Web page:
Northern Lights Resort and Spa

We headed out of Whitehorse to spend a couple of nights at the Northern Lights Report and Spa. Our hosts Wolfgang and Renate showed us to our cosy cabin which is soon toasty warm with the help of the propane powered fireplace. The fireplace also means we will have no need to tune in to the log fire TV channel which constantly shows surprisingly mesmerising footage of a log fire.

Wolfgang supplied us with a couple of pairs of snowshoes and we strapped them on and struck out along the snowy trail he pointed out to us. There was no sign of the elusive moose and calf spotted the day before by other guests at the resort but we had a wonderful time trekking through the snowy forest and fields as flakes fall softly upon us. We arrived back at our cabin with frosted hair and eyebrows and icy eyelashes and jumped straight into the hot tub for a soothing soak. Wearing a beanie with a  swimsuit is an unusual look, but essential for -15˚C hot tubbing and as an information pamphlet in the hotel pointed out, ‘the cold is no respecter of fashion, you soon won’t care if your hat looks like a giant banana as long as it keeps your head warm’. The hot tub was ideal for soothing aching limbs after a day spent dogsledding or snowmobiling too, and is well worth enduring the brief chilly dash to and from our cabin.

Over Renate’s delicious meals which featured warming soups, baked local salmon and a remarkable sour cherry and cream dessert, we traded tales with our fellow travellers. Wolfgang checked the weather to give us an idea when to look for the lights. We had a little luck with the lights on our first night, spotting a brief squiggle of intense green, but mostly we looked upon a mottled green sky. The second night however was a different story. At dinner Wolfgang predicted the lights would appear at midnight and as would be expected of a German from near the Swiss border he was dead accurate and even knocked on our door at midnight to alert us to a wave of green cresting along the horizon. We hastily pulled on our gear and headed out into the -30˚C night to watch. The temperature was bearable if we kept moving so rather than standing in awe watching the lights we jogged, lunged and squatted, wind milling our arms to keep warm as the lights rolled over the sky for near to an hour. It was exactly what we had travelled so far to see and we were relieved our trip had not been in vain.

We had early starts for our dog sled and snowmobile tours but a continental breakfast of museli, croissants, breadrolls, eggs, ham, cheese and salami washed down with juice and coffee fueled us for the day’s activities. If we’d had more time at the resort I would definitely have treated myself to one of Renate’s massages; maybe next time.


Dog Sled Tour with Muktuk Adventures

We were collected early for our deg sled tour with Muktuk Adventures. Mutkuk is the Inuktitut word for whale blubber, a calorie dense treat for sled dogs. Muktuk Ranch is owned and operated by Frank Turner and his wife Anne Tayler. Several Yuokoners had spoken to us of Frank Turner with great respect as Frank is a local legend for attempting the Yukon Quest 24 times in 25 years and winning the race in 1995. The Ranch strives to be one of the most ethical and environmentally-sensitive tourism operators in Canada and in addition to dog-sledding in the winter, the ranch offers kayaking, canoeing, hiking, fishing and swimming in the summer.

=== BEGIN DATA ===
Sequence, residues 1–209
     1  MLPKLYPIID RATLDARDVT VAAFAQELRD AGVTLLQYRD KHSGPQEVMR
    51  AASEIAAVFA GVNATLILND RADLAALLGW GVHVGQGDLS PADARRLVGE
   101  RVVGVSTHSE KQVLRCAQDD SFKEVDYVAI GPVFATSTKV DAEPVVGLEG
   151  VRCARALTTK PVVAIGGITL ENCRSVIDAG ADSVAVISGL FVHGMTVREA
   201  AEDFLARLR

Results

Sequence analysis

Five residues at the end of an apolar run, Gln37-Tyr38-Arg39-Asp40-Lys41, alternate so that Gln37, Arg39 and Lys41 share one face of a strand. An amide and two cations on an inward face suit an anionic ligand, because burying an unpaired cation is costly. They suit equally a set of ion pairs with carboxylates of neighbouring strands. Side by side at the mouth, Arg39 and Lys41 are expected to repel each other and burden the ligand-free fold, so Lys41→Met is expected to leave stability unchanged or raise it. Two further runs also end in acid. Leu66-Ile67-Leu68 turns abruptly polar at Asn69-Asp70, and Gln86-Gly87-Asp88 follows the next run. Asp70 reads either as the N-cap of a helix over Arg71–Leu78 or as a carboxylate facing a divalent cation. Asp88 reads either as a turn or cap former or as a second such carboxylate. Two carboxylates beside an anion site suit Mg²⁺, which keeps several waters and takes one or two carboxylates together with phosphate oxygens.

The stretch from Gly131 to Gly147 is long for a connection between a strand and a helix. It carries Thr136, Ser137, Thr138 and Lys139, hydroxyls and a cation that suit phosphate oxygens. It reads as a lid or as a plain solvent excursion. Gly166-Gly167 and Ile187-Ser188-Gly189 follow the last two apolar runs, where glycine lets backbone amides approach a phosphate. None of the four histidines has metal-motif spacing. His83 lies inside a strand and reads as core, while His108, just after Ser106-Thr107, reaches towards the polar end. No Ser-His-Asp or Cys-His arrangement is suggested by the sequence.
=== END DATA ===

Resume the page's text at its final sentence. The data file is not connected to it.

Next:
First order of business on arrival at Muktuk Adventures was being fitted out with cold weather gear.  We pulled on an additional woolly layer of socks and thick white rubber boots, traded our ski gloves for woolly mittens worn inside heavy duty gloves and pulled a puffy jacket on over our existing ski jackets. Suitably attired we headed out to meet the 125 Alaskan Huskies that call Muktuk Ranch home. We wandered around the network of kennels patting the friendly dogs until our guide Gabe gathered our group together for our dog sled briefing. Sledding is pretty simple, the dogs largely look after the steering, we just needed to lean into the turns, use the brake to slow the eager dogs down and secure the sled when it was stopped.

Once we were loaded onto our respective sleds the handlers began connecting the dogs one by one to the sled. The dogs worked themselves into a frenzy, jumping and pulling at their leads and a great cacophony of whining, barking and baying rang out across the ranch, as if each dog were shouting ‘pick me, pick me!’ With our six dogs including lead dog Yuki connected and Nato tucked securely into the sled I slowly released the brake and stood on the drag pad to keep the excited dogs from running too fast as we followed the lead snowmobile out of the yard, down a hill and onto the trail that runs along the frozen Yukon River. The dogs pulled the sled smoothly and as I relaxed I realised that I was achieving a lifelong dream of successfully driving a team of sled dogs through a majestic wintry landscape. We drove the dogs for seventeen kilometers stopping to swap drivers half way. The dogs, Yuki in particular, glanced back when we checked their speed or to let us know when they needed a comfort break. In our protective gear we stayed relatively warm despite clipping along at around ten kilometers per hour in -20˚C weather.